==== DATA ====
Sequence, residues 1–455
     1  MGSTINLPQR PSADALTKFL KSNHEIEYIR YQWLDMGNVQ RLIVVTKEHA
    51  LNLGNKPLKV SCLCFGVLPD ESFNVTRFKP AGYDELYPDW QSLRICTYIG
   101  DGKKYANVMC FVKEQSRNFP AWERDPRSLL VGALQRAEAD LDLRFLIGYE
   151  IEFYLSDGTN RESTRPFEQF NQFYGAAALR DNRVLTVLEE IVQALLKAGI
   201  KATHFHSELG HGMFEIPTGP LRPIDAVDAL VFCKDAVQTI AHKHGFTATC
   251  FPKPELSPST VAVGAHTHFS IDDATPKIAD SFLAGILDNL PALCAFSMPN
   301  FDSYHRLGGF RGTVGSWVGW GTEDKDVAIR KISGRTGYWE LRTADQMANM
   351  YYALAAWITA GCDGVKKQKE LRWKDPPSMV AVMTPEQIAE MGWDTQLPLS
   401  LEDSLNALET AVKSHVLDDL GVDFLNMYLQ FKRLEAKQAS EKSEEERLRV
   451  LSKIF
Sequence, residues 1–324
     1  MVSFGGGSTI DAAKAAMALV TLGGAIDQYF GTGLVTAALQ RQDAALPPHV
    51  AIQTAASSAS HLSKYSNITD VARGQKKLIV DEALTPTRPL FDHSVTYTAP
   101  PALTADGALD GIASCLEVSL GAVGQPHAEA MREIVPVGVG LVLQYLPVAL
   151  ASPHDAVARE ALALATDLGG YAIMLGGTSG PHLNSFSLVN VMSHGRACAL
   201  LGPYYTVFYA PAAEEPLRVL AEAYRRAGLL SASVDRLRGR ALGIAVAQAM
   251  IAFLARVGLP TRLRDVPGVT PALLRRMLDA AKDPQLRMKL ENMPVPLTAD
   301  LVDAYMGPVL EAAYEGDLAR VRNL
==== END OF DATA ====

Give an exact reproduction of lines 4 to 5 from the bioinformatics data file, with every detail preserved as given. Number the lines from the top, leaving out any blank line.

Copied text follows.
   101  DGKKYANVMC FVKEQSRNFP AWERDPRSLL VGALQRAEAD LDLRFLIGYE
   151  IEFYLSDGTN RESTRPFEQF NQFYGAAALR DNRVLTVLEE IVQALLKAGI